Food is medicine. Whether it’s winter blues or the common cold, you can find potent remedies among edible plants that really, really help. You don’t need an advanced degree in herbal medicine; some of the most powerful healing foods are available at the grocery stores and markets. And as the days get shorter and colder, the zesty, bright-colored citrus is your #1 energizer and immunity booster.
Somehow, citrus and winter go together. As early as the 18th century, people in North America and Europe would get to relish the once-a-year Christmas orange. I grew up near the Arctic Circle, so the oranges I knew in my childhood were sad and shriveled Navel oranges that had clearly been harvested too early and sat in shipping containers for too long. We didn’t know any better, of course.
Since then, thankfully, I’ve come to know what it’s like to bite into juicy, sweet, aromatic citrus fruit. (And now I can get them from Florida, which is not too terribly far.)
Here are five ways to tap into the energizing properties of citrus fruits to brighten up your winter days.
Energizing citrus essential oils
Citrus fruits and aromas are known to uplift the mood, ease anxiety, and enhance focus. I love using a citrus essential oil to energize me on winter mornings when I sit down to work. “Lemon is cool and joyful while orange is warm and pampers. And grapefruit boosts energy in an entirely different way,” says aromatherapist Caroline Schroeder. Any blend with bergamot is nice. Or just inhale the smell of an orange — that works too!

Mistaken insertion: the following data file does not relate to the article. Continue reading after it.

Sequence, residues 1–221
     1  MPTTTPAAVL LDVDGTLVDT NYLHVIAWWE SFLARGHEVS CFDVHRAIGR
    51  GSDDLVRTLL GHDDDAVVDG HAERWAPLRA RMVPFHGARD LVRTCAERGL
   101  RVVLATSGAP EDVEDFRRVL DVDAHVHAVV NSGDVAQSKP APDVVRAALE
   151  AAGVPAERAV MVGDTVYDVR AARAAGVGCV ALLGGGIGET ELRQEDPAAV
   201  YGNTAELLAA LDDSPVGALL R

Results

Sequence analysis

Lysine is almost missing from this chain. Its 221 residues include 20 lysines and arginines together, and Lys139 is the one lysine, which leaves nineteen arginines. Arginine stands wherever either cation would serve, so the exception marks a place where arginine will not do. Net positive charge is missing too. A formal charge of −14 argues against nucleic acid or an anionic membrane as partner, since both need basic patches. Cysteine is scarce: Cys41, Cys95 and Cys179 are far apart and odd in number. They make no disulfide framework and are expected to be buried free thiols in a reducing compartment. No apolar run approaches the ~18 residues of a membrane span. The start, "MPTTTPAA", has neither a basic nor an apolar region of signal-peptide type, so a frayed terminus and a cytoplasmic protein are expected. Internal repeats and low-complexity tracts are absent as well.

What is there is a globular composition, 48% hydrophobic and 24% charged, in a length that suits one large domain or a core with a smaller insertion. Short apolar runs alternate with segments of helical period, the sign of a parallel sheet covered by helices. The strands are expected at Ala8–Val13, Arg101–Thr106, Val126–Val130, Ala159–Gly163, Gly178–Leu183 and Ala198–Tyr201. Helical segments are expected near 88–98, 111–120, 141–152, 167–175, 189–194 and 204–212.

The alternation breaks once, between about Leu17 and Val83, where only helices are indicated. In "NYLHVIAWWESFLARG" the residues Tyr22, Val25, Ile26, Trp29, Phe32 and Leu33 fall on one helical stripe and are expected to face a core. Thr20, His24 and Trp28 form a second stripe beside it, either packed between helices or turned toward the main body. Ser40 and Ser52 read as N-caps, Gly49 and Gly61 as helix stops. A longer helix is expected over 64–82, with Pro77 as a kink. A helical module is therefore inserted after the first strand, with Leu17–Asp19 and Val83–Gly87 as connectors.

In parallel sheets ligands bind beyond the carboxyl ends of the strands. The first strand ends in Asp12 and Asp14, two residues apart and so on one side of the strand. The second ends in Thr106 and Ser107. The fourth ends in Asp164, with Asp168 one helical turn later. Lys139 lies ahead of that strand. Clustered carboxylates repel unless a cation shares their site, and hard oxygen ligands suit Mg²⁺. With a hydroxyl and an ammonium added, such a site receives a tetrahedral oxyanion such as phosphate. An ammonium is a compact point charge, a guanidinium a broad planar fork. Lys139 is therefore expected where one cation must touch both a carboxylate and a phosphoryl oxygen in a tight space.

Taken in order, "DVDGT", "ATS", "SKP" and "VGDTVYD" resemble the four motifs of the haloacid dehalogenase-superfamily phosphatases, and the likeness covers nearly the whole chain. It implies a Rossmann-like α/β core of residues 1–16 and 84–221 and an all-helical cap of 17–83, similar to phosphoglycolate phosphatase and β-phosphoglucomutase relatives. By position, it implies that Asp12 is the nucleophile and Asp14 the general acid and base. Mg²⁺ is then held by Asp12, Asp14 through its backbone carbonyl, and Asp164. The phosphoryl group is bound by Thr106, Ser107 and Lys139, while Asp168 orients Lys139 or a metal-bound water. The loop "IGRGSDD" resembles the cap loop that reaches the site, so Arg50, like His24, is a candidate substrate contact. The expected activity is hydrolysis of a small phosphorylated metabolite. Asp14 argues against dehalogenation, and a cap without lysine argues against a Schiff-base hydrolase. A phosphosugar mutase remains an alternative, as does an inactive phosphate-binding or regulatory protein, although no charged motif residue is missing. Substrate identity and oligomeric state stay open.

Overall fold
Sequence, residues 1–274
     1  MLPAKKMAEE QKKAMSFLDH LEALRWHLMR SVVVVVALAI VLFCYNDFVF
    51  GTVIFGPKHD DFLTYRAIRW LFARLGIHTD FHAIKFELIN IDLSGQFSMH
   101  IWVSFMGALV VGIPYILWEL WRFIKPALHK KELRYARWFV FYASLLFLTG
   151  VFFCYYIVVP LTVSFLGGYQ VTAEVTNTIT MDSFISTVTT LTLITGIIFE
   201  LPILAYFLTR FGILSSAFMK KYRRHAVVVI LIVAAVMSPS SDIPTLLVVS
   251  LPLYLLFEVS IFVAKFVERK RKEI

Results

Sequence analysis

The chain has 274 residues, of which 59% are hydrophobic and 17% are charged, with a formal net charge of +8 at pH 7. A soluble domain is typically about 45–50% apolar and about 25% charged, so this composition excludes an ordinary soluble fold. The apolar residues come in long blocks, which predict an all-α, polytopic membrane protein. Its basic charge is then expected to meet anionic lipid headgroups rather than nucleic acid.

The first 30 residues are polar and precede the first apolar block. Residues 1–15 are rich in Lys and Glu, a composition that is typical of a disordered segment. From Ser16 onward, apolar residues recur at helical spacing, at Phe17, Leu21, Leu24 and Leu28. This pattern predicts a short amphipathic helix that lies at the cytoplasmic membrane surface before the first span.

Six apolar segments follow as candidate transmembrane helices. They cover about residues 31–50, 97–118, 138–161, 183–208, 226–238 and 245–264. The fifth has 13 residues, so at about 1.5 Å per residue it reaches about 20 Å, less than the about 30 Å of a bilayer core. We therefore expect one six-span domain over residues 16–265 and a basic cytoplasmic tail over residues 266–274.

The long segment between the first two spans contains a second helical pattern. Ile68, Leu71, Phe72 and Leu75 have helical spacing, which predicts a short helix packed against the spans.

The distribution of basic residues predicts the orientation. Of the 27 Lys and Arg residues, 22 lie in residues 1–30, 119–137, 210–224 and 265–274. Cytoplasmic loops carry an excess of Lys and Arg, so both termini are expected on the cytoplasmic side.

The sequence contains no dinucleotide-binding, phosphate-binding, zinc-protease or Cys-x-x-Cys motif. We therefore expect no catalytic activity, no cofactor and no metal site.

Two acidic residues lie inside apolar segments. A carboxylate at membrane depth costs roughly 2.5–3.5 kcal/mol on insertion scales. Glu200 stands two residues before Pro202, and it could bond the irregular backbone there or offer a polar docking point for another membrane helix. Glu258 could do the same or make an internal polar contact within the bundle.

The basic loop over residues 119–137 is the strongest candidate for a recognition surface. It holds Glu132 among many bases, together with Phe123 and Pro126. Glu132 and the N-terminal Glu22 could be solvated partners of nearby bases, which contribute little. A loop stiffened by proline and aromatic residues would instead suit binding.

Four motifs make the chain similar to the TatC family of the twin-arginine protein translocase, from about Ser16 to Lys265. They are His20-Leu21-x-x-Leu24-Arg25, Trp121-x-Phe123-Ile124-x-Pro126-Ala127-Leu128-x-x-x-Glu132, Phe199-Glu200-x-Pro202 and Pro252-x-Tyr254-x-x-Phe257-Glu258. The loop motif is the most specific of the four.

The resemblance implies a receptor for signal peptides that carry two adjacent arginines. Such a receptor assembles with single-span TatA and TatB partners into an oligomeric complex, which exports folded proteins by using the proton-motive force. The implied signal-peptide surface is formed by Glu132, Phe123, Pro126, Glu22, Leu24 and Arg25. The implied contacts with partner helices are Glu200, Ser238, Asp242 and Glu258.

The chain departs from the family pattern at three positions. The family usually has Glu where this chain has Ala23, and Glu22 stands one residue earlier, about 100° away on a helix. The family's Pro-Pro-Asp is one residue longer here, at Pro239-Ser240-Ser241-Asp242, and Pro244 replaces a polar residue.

Citrus cleaning products
If you make your own cleaning spray, you can add any of the above essential oils for a clean and bright feel to make clean-up time a treat.
Citrus-scented body care
I use minimal body care products, but I do use a moisturizer with citrus scent, and I notice I feel strangely happy when I apply it. Why not make those most ordinary moments of the day ones that you look forward to?
Eat them fresh! The vitamin C in citrus supports immunity through the cold season. Vitamin C helps the body to absorb iron, which also fortifies you against fatigue. Whenever I research mood-boosting food groups, citrus fruits keep coming up… and is it any wonder: just look at those colors!
Last but not least: chocolate and orange. Need I say more? Dark chocolate with orange peel has become my favorite of late — it’s right up there with chocolate and peppermint as a winning wintertime combo. Last year, I became obsessed with the idea of a chocolate and orange flavored dessert for Christmas. After a long search, I found this recipe and it’s what’s on the menu for Christmas Eve at our house this year: The Jaffa Cake Cake from Primrose Bakery.
Postscript: Citrus Fruit and the Local Diet
I’m a local food advocate. But I don’t only eat local food (at least, not at the moment). As Helena Norberg-Hodge writes, localization “does not mean that people in cold climates are denied oranges or avocados, but that their wheat, rice or milk — in short, their basic food needs — do not travel thousands of miles when they can be produced within a fifty-mile radius.”
Fanatical, all-or-nothing attitudes tend to backfire more than do good. Perfectionism in the local food movement — or in the sustainability movement at large — only discourages people from trying to do anything at all. I say this as a recovering perfectionist. So yes, I’m a local food advocate. And yes, I sometimes eat imported oranges.
Having said that: this fall, I decided to try to grow some citrus myself. So I added a lemon, a Satsuma mandarin, and a limequat — all dwarf-size fruit trees — to our homestead. They grow in containers and can be brought into the sunroom for the winter. We just harvested our first and only Satsuma a couple of weeks ago, and I gave it to my husband who was trying to get over a head cold. So right there, the immune-boosting power of citrus in action — and this time as a homegrown version!